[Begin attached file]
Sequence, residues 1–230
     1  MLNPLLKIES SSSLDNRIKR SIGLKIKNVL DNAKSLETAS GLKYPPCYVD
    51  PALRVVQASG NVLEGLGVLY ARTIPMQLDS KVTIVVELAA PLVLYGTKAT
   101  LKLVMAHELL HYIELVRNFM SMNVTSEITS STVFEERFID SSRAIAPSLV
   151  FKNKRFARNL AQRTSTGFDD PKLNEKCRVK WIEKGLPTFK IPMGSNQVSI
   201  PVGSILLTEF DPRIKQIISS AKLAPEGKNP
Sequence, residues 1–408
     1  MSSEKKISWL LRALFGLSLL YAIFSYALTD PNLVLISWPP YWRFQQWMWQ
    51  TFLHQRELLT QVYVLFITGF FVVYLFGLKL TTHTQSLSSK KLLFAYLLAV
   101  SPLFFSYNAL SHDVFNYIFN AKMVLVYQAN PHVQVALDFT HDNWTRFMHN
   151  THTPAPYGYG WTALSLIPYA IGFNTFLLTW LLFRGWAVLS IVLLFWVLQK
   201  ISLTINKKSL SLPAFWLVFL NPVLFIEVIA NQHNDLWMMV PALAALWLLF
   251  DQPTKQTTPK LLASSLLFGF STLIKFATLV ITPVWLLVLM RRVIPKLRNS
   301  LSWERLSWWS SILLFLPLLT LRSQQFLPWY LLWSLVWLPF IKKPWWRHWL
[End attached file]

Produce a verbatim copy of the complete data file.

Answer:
Sequence, residues 1–230
     1  MLNPLLKIES SSSLDNRIKR SIGLKIKNVL DNAKSLETAS GLKYPPCYVD
    51  PALRVVQASG NVLEGLGVLY ARTIPMQLDS KVTIVVELAA PLVLYGTKAT
   101  LKLVMAHELL HYIELVRNFM SMNVTSEITS STVFEERFID SSRAIAPSLV
   151  FKNKRFARNL AQRTSTGFDD PKLNEKCRVK WIEKGLPTFK IPMGSNQVSI
   201  PVGSILLTEF DPRIKQIISS AKLAPEGKNP
Sequence, residues 1–408
     1  MSSEKKISWL LRALFGLSLL YAIFSYALTD PNLVLISWPP YWRFQQWMWQ
    51  TFLHQRELLT QVYVLFITGF FVVYLFGLKL TTHTQSLSSK KLLFAYLLAV
   101  SPLFFSYNAL SHDVFNYIFN AKMVLVYQAN PHVQVALDFT HDNWTRFMHN
   151  THTPAPYGYG WTALSLIPYA IGFNTFLLTW LLFRGWAVLS IVLLFWVLQK
   201  ISLTINKKSL SLPAFWLVFL NPVLFIEVIA NQHNDLWMMV PALAALWLLF
   251  DQPTKQTTPK LLASSLLFGF STLIKFATLV ITPVWLLVLM RRVIPKLRNS
   301  LSWERLSWWS SILLFLPLLT LRSQQFLPWY LLWSLVWLPF IKKPWWRHWL